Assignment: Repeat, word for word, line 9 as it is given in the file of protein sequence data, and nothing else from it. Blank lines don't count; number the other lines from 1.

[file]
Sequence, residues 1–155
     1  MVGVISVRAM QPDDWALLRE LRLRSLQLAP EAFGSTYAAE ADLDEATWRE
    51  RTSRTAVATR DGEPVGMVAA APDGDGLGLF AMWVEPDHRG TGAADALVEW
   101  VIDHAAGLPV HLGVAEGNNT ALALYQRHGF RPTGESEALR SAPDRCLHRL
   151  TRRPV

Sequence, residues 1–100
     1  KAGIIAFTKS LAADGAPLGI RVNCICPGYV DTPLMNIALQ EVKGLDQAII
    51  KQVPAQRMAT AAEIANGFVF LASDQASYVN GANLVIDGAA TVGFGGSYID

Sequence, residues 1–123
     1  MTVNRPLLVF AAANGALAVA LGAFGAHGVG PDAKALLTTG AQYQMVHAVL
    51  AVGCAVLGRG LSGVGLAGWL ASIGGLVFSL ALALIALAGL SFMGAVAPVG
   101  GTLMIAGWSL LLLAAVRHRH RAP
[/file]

Sequence, residues 1–123